How to keep your blog spam free

5

I started my life as a “webmaster” more than 9 years ago (March 2002 to be more exact), when I had a small site, dojo.ro. My beginnings were as a forum admin and not a blogger. Well, back then I don’t really think there were too many bloggers. At least not to my knowledge. Those were the days … quality posts, good members, almost no spam. I even recall some of us, forum admins, were pondering if it’s a good idea to actually install an anti-spam plugin.

Over the years the internet got more “mature” and people started leaving their garbage as spam. Right now I spend 99% of my admin work to clean their mess, instead of building my communities or come up with new topics. Annoying, let me tell you that ..

When I started blogging, spam followed. Even now I have to spend a great deal of effort and time to wade through useless crap and find something worthy of being published in the comments section. Since, for the past 3 years, since I’ve been a “serious” blogger, a combination of plugins and settings really made my life easier. I’d like to present you my way of keeping spam away from the blog and, of course, invite you to share your thoughts too.

 1. Akismet

OK, this is a LIFESAVER! So it’s the first thing I activate in my blogs. Even if it does have its ‘faults’, Akismet is an amazing little tool to keep those pesky spammers at bay.

2. Email address and name required to comment

It’s not a special setting, usually it’s like this by default, but it’s worth taking a look anyway. This way you help Akismet “smell” any spammer email and also you’ll be able to know your commentator’s details. Should you wish to check it out, please go in your admin panel: SETTINGS > DISCUSSION.

3. A previously approved comment.

ANY new commentator on my blogs enters moderation. Automatically, so that you don’t think I’m mean. Sometimes Akismet makes mistakes, so this way I am certain NOTHING appears without me seeing it first. When it comes to inappropriate content the secret is not to clean it, it’s to never have it published. So, from the same DISCUSSION page, please check – Comment author must have a previously approved comment.

Some bloggers have expressed their concern about annoying new readers by keeping their comments in moderation. Because of the HUGE spam we have to face today, I do believe it’s the best thing we can do. As an active blog commentator myself I WAS NEVER OFFENDED by not having a comment published immediately. Since I always comment with care and respect, there’s no worry in my mind that my comment won’t get published. Not to mention that most bloggers are online at least daily, so the comments held in moderation shouldn’t be a problem for anyone.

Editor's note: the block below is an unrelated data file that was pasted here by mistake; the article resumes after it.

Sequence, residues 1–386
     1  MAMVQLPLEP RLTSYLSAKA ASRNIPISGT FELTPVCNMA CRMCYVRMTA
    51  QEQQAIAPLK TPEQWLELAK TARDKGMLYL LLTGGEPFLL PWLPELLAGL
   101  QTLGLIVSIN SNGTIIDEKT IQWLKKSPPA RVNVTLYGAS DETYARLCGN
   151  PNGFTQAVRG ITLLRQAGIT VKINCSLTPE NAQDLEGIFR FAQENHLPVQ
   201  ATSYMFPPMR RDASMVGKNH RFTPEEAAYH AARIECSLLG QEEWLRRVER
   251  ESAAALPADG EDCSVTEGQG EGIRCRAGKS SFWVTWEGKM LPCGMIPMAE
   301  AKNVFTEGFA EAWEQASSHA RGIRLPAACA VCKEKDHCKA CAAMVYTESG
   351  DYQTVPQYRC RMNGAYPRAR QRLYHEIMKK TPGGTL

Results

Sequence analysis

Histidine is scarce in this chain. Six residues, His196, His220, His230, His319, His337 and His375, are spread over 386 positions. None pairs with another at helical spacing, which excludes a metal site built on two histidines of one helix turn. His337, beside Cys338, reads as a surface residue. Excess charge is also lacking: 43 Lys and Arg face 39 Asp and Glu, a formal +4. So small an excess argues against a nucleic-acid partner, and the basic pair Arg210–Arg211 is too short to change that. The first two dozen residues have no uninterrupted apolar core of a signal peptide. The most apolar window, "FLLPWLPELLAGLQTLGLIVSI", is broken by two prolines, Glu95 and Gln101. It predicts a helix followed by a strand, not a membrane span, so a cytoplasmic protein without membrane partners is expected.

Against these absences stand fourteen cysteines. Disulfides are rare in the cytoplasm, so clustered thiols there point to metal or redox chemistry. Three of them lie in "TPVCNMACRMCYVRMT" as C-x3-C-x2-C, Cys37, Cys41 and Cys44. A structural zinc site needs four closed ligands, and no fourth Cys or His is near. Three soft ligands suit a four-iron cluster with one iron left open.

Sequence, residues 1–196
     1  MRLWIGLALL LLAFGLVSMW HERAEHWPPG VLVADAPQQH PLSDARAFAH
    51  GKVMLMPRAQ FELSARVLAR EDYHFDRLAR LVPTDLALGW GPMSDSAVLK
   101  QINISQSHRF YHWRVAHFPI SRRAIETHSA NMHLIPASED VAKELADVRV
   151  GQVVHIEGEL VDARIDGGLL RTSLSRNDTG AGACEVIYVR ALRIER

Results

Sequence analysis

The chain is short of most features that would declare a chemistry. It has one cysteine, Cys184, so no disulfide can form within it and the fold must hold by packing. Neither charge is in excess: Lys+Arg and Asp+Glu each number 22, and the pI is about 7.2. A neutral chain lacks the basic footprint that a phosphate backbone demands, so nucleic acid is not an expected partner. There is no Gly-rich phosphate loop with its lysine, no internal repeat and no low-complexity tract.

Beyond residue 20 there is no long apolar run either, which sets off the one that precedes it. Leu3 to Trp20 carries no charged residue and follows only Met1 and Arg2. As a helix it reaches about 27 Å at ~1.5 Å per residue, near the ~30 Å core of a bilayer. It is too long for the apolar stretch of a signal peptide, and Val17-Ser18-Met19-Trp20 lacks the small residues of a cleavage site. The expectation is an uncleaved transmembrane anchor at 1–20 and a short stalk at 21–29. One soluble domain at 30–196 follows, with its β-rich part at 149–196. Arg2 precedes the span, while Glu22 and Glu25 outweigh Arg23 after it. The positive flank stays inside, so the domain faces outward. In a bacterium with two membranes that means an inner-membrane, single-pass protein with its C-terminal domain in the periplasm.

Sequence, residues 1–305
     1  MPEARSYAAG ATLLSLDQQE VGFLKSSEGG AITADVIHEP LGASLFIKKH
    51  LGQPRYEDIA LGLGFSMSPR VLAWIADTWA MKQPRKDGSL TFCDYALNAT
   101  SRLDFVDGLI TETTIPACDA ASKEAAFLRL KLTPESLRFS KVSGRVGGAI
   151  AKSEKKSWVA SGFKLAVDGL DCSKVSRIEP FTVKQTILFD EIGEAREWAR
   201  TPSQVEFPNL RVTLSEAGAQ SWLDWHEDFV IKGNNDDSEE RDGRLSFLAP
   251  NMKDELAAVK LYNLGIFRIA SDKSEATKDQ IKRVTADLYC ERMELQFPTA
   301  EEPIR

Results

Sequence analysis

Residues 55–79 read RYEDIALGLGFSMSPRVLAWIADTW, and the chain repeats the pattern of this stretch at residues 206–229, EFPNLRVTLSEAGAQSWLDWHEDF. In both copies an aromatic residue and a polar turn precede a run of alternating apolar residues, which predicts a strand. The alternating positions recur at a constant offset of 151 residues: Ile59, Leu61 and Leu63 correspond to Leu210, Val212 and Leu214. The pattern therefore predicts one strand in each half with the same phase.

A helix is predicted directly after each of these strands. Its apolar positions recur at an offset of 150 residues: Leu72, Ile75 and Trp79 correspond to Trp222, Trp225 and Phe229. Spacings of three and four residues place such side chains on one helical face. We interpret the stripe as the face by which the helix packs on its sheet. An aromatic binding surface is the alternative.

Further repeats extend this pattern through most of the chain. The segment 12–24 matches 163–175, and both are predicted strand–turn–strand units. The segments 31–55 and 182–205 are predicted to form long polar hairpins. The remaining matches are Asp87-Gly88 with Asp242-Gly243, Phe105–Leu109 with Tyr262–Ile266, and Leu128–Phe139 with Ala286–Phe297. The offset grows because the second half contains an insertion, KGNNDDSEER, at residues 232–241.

From the moment this initial comment has been approved, everything the reader writes afterward will be showing instantly.

4. Any comment with a link enters moderation

Hold a comment in the queue if it contains x or more links“, this is another setting I just love in WordPress. In my case I choose 1 LINK, even if some would think spammers put more links. I’ve seen way too much spam lately with only 1 link, so I am careful. If my article “requires” links, I am even more careful, so that I can approve the comments held in moderation as soon as possible.

There’s another SPAM we face now: comments with no links but useless replies ‘good article’ or even more elaborate ‘sayings’. Don’t get fooled, 90% is still spam, they try to leave their commenter link that way. This is why I like to use the setting from point 3.

5. For everything else, there’s mastercard another useful setting

The last but not least of my settings: “When a comment contains any of these words in its content, name, URL, e-mail, or IP, it will be held in the moderation queue.” Is there someone who’s proved to be impolite? An IP you just cannot get rid of? An email address sending too much spam? This setting helps me keep the “bad” guys away, whether we talk spammers or just abusive readers.

And now my “routine”:

  • enter SPAM list – I’ve had issues in the past with Akismet. My Romanian blog was on a .info domain and Akismet marked it a ‘spam’ some years ago. Other bloggers let me know back then I appear as a spammer and should contact Akismet to solve this. The nice people from there were .. nice and removed me from the “bad guys” list. Still, since I was unfairly marked as a spammer myself, I ALWAYS take care of my commentators and read the spam list so that I can “fish” out people who were incorrectly marked.
  • pending – my setting combination will send first-time commentators or people who posted a link or get automatically sent into moderation. It takes me seconds to “scan” the comments and validate the ones that are OK.

You might be shocked to see I DON’T USE CAPTCHA at all. Personally, it’s a drag to fill in ANOTHER field, no matter how simple it is. Since I really dislike this, you can guess my readers won’t have to go through something I dislike. So far, it’s working nicely.

So, how do you manage spam? What’s your “secret” combination of plugins and settings?

5 COMMENTS

  1. Thanks for this, dojo! My blog’s been getting hit with spam lately, but thankfully I follow pretty much everything you’ve mentioned above so it’s been manageable. Question for you though: to your knowledge, have you ever removed or not approved a comment that wasn’t spam and if so, how did you find out it wasn’t spam and how did you handle that situation? I’m always concerned I’m going to accidentally not let a comment go through that’s actually legit.

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